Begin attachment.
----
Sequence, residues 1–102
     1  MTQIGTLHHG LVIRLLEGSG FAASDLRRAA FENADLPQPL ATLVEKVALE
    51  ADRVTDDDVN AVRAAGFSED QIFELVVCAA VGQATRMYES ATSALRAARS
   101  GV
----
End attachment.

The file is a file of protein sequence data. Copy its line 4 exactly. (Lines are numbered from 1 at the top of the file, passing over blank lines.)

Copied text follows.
   101  GV